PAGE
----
Frederick

Gender: Masculine
Origin: German
Meaning: “peaceful ruler.”
Eng (FRED-eh-rick; FRED-rick)

The name is composed of the Germanic elements, frid (peace) and rich (ruler). The name has been popular in the Germanic world since the 10th century. It was borne by three dukes of Austria, including Frederick the Fair (1289-1330), the first king of Austria. It was extremely popular among minor German royalty and was eventually borne by Frederick II, King of Prussia, also known as Frederick the Great (1712-1786)

Among Danish Royalty, it has been tradition to alternate naming the eldest son either Christian or Frederick each generation. Frederick, so far, has been borne by nine Danish kings and is currently borne by the Danish Crown Prince (b.1968).

In the Middle Ages, it was borne by three Holy Roman Emperors, including the illustrious Crusader, Frederick I Barberossa (the Red Beard).

The name was introduced into England by the Normans, but became popular in the 18th-century when the German Hanovers inherited the British Throne, which has issued at least one Frederick thus far: Frederick, Prince of Wales (1707–1751), eldest son of King George II of England.

As of 2010, its Danish form of Frederik was the 7th most popular male name in Denmark. His rankings in other countries are as follows:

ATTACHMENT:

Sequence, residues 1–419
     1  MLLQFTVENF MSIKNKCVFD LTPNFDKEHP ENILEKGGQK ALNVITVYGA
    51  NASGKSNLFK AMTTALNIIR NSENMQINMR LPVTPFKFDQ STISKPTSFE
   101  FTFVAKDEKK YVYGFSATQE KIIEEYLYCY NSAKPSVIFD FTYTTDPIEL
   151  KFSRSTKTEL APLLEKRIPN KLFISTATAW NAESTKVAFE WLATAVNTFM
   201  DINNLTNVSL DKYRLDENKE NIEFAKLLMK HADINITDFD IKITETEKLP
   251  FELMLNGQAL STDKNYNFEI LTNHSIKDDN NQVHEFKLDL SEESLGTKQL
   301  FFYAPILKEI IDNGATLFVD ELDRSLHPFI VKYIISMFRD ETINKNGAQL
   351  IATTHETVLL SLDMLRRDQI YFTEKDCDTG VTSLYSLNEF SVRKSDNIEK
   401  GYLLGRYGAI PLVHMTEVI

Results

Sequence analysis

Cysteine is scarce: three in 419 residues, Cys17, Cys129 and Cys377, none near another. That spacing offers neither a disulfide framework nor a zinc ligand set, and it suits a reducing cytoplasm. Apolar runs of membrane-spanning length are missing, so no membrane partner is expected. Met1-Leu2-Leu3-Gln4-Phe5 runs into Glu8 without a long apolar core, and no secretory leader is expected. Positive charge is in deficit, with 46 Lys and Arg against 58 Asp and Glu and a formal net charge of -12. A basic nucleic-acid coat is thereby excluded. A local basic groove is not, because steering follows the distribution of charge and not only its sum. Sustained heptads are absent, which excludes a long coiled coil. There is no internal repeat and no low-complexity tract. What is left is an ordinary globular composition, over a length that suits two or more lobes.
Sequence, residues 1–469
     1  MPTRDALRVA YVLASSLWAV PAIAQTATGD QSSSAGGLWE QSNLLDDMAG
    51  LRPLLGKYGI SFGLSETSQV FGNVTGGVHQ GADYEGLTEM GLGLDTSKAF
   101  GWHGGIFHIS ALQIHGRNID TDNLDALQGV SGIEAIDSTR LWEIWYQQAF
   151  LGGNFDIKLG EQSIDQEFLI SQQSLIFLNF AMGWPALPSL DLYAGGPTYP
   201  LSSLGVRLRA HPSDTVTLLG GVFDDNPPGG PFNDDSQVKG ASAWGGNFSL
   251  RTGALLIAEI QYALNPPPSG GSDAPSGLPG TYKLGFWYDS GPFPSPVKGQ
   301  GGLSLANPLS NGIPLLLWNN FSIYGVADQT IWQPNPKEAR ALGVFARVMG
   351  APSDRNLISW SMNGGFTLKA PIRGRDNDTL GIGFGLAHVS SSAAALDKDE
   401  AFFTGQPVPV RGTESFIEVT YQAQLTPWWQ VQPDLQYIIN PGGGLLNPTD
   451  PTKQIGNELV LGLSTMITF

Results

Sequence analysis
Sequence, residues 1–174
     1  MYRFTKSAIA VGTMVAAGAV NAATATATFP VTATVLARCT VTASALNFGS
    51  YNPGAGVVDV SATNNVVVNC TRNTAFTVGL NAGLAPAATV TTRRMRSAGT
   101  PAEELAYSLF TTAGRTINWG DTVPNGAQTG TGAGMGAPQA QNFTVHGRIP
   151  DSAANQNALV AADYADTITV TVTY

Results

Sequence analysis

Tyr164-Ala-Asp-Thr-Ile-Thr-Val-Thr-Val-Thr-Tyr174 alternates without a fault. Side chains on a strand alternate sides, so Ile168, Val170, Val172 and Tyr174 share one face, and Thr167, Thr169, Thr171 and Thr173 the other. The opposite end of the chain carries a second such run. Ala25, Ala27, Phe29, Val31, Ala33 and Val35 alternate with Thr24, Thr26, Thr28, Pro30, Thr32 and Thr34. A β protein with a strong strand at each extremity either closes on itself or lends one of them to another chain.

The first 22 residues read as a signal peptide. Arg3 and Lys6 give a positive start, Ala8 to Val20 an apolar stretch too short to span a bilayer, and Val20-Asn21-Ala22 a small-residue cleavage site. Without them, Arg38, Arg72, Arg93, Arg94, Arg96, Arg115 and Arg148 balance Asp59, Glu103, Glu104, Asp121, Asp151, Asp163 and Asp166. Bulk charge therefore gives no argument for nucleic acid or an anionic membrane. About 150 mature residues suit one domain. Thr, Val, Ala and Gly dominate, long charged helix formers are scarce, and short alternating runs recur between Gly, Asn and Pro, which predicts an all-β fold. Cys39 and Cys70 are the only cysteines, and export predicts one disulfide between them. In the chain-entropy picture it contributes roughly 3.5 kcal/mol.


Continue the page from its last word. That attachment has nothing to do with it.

• # 11 (Federico, Italy, 2010)
  • # 16 (Federico, Argentina, 2009)
  • # 35 (Fredrik, Norway, 2010)
  • # 95 (England/Wales, 2010)
  • # 393 (Frederik, Netherlands, 2010)
  • # 496 (United States, 2010)

Other forms of the name include:

  • Ferry (Alsatian)
  • Frederig (Breton)
  • Frederic (Catalan)
  • Bedřich (Czech)
  • Frederick (English)
  • Fríðrikur (Faroese)
  • Fredrik (Finnish/Scandinavian)
  • Frédéric (French)
  • Freark (Frisian)
  • Fridric (Frisian)
  • Frerich (German)
  • Friedrich (German)
  • Frigyes (Hungarian)
  • Friðrik (Icelandic)
  • Feardorcha (Irish)
  • Federico (Italian/Spanish)
  • Federigo (Italian)
  • Fredo (Italian)
  • Fricis (Latvian)
  • Frīdrihs (Latvian)
  • Frydrichas (Lithuanian)
  • Friduric (Old High German)
  • Friðrikr (Old Norse)
  • Freerk (Plattdeustch)
  • Fryderyk (Polish)
  • Frédéri (Poitvin)
  • Frederico (Portuguese)
  • Frederi (Provançal)
  • Fadri (Romansch)
  • Frideric (Romansch)
  • Riet (Romansch)
  • Riget (Romansch)
  • Friderik (Slovene)
Common diminutives include:
  • Bedřišek (Czech)
  • Béďa (Czech)
  • Béďánek (Czech)
  • Bédísek (Czech)
  • Fedder (Danish)
  • Fred (English/Scandinavian)
  • Freddy (English/Scandinavian)
  • Frits (Faroese)
  • Fiete (Frisian)
  • Fiddy (German)
  • Freidi (German)
  • Freidl (German)
  • Fre(r)k (German)
  • Fritz (German)
Its feminine form of Federica is currently the 21st most popular female name in Italy, (2009), while Frederikke is currently the 38th most popular female name in Denmark, (2010) and Frédérique is the 150th most popular female name in the Netherlands, (2010).
Other feminine forms include:
  • Bedřiška (Czech)
  • Frederikke (Danish/Norwegian)
  • Frédérique (Dutch/French)
  • Frederica (English/Portuguese)
  • Friðrika (Faroese/Icelandic)
  • Fredrika (Finnish/Swedish)
  • Friederike (German)
  • Federica (Italian)
  • Fryderyka (Polish)
  • Fadrica (Romansch)
  • Fadrina (Romansch)